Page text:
John Edgar Stoddart

John Edgar Stoddart (often Edgar or Ed Stoddart) was nine years younger than James, having been born 4 May 1869 in Ontario.25 Once again, details about his life before coming to the Windermere Valley are scarce. His early interests in the Valley, however, are varied.

Edgar came to the valley from Toronto in autumn 1896,26 and on the 1901 census he is listed as living with James in Windermere with an occupation described as a “compositor.”27 (I looked this up: a compositor does type setting for printing, which would not have been much in demand in Windermere in 1901).

Edgar became active in prospecting circles, including as a partner in both the Hot Punch group at the head of the Delphine Creek Valley,28 and in the Mineral King Mine (during the years of his involvement known as the Silver King).29

Edgar also did work on the Stoddart ranch at Dry Gulch,30 was a founding member of the Game Protection Society,31 and was secretary treasurer for the Windermere Rifle Association.32

In these early years, Edgar gained some local notoriety as the owner of an ice boat – a rather popular winter attraction in the early 1900s. Ed had his boat built in January 1902, with races held against Harold E Forster.33

Following James’ death, in September 1909, the executors of his estate asked for tenders for the purchase of certain lots in Windermere, including the hotel, other buildings, hotel fixtures, furnishings and furniture.34 I was unable to find record of what happened with this sale, but on the 1911 census Edgar Stoddart is listed as a hotel keeper in Windermere,35 and he remained the operator of the hotel until his death.

Edgar Stoddart (standing, far left) in front of the Windermere hotel, c1915. Also pictured, Back Row L-R: Joseph Young; Sinclair Craig (blacksmith); Edward Parry (teamster); H.B. Richardson (carpenter). Front Row L-R: Clessom Hauley (stagecoach driver); ? Connover. Windermere Valley Museum and Archives A1305.

In addition to owning the Windermere Hotel, Edgar continued with his mining interests and seems to have kept up raising cattle (presumably on the Stoddart ranch).36 Edgar is also responsible for opening the first golf course at Windermere: a nine hole course opened in June 1923.37

Edgar passed away suddenly, at age 66, on 8 July 1934 in Windermere.38

Walter Holton Stoddart

The Stoddart clan in the Windermere Valley had grown further in the late 1890s with the arrival of their (James’, John’s, and Rose’s) nephew, Walter. Walter’s mother, Eleanora, had brought eleven old Walter with her in March 1897 when she was convinced by her sister to visit the hot springs at Sinclair for her health.39 During his stay, Walter was told by his uncle, James, who missed his son, that if Walter ever wanted to return and live with them he would give him his own horse.40 In 1899 Walter returned, at the age of 14, to live with his aunt and uncles in Windermere.41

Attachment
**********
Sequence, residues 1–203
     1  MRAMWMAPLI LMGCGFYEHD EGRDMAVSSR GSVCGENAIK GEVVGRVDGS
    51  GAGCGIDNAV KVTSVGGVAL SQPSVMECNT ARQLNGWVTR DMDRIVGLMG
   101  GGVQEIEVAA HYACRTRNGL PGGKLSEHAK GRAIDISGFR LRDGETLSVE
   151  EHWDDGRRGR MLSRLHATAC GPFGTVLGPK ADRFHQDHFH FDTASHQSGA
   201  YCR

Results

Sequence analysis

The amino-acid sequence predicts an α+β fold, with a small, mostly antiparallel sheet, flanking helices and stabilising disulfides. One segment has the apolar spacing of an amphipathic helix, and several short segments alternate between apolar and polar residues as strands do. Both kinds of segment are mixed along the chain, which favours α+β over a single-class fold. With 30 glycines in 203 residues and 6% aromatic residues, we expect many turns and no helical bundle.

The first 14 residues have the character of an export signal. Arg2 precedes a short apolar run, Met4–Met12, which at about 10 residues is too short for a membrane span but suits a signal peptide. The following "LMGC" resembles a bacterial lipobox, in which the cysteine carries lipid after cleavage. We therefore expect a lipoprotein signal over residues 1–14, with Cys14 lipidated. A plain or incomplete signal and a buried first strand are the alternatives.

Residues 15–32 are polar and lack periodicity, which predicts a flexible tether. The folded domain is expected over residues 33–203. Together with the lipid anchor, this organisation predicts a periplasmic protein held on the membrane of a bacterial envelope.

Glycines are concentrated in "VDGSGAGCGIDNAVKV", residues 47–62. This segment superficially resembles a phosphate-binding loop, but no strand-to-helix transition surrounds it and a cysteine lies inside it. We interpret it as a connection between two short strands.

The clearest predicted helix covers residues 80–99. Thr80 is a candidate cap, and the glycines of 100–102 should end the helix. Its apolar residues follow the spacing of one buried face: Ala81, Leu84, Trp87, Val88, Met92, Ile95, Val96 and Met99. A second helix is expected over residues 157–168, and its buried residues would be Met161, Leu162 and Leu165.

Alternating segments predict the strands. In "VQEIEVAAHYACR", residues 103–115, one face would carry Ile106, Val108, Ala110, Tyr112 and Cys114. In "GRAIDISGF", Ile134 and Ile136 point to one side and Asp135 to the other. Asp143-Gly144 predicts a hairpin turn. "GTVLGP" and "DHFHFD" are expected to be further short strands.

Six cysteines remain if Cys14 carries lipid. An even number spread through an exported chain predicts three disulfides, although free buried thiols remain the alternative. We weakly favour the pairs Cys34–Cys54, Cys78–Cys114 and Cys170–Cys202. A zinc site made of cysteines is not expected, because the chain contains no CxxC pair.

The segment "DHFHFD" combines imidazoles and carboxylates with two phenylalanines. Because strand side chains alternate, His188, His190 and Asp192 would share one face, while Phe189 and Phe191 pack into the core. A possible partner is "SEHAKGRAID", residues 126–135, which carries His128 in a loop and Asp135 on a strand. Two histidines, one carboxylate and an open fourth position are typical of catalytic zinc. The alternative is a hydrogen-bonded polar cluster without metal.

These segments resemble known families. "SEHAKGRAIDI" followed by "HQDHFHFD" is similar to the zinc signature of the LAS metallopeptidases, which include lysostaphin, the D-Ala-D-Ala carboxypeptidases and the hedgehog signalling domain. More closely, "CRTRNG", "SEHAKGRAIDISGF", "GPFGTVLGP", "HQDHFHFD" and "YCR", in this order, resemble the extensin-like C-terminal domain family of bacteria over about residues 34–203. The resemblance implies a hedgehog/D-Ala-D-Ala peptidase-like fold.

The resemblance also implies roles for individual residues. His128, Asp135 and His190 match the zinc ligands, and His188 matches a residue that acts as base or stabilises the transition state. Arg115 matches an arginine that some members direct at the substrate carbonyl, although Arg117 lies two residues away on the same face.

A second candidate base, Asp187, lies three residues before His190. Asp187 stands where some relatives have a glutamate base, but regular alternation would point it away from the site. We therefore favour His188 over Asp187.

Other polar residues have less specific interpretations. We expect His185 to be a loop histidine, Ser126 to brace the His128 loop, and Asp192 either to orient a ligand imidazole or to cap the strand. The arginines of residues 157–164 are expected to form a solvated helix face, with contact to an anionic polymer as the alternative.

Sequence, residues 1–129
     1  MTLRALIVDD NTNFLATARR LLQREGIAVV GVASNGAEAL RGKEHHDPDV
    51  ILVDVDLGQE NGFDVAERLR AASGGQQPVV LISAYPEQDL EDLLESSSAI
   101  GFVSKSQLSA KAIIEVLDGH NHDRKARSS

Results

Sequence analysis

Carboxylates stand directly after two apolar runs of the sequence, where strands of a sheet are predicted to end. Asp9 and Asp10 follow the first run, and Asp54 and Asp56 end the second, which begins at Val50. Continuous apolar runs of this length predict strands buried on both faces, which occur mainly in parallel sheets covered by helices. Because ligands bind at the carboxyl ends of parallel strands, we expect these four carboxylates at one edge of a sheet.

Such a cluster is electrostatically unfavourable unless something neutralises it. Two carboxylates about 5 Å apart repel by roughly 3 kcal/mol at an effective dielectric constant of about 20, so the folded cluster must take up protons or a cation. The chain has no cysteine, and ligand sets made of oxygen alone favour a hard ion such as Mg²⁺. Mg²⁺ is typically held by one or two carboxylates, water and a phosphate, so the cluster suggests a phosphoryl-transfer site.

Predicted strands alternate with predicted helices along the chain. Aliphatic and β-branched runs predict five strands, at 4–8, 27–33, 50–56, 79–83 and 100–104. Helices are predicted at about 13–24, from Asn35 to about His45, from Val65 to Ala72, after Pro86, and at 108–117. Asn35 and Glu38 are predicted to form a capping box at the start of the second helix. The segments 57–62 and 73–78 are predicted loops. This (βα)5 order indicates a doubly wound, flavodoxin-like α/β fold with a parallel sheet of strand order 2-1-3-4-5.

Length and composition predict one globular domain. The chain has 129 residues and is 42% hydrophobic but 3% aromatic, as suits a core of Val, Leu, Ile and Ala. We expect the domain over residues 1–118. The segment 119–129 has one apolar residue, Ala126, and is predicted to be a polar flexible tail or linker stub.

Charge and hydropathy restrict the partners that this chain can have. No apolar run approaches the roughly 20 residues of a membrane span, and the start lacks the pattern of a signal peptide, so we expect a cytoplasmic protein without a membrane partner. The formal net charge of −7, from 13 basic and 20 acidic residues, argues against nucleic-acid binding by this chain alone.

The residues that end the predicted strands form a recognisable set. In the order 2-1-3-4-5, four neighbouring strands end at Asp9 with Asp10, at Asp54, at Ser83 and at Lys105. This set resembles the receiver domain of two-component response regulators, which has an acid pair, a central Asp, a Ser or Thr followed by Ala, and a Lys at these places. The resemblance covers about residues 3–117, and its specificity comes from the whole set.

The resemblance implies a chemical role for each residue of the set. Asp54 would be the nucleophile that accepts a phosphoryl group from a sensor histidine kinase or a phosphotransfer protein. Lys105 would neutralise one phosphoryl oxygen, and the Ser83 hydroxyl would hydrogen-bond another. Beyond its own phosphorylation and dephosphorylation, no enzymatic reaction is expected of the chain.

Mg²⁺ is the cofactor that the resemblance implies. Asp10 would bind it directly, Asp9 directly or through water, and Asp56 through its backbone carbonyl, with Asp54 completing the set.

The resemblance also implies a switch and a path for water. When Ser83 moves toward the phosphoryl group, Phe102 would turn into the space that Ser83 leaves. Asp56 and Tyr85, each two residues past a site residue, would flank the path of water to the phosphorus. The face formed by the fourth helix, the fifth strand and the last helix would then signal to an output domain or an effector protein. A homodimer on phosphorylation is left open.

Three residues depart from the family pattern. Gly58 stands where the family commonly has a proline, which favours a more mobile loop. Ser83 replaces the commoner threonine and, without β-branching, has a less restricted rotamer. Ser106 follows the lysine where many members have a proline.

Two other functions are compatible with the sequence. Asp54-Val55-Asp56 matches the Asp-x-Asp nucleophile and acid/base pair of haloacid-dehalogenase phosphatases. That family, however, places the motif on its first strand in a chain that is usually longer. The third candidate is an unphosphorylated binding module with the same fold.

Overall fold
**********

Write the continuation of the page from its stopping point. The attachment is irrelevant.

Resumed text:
Walter was born in Columbus, Ohio on 14 September 1885 to David Stoddart (James’ younger brother) and Nora Jerger (Rose’s sister).42 Walter’s move to live in Canada seems to have been somewhat gradual. His name is listed on the “Windermere School Report” in April 1900,43 but his name is also included with his family in Columbus on the 1900 United States census (taken 5 June 1900).44

Walter Stoddart, c1900. Windermere Valley Museum and Archives C1413.

The young Stoddart became known in the Valley for his horse jockey skills. On a visit to Golden in August 1901, Walter is pointed out for his “clever riding [which] has been a feature of the two last Windermere race meets.”45 Walter was still in the Valley in January 1902,46 but went to spend the following Christmas with his family in the United States, prompting the remark that, “Everybody will miss his bright, cheerful face and will be glad to hear of his return.”47

Walter returned for a visit to the States again in December 1903,48 but had very much become a Valley resident. In 1905 he and Charles Ellis, at one time a desk clerk at the Windermere Hotel,49 built their own ice boat, the “It”.50 That same year the two also started a ranch, which they called Ellenvale, on the west side of Windermere Lake.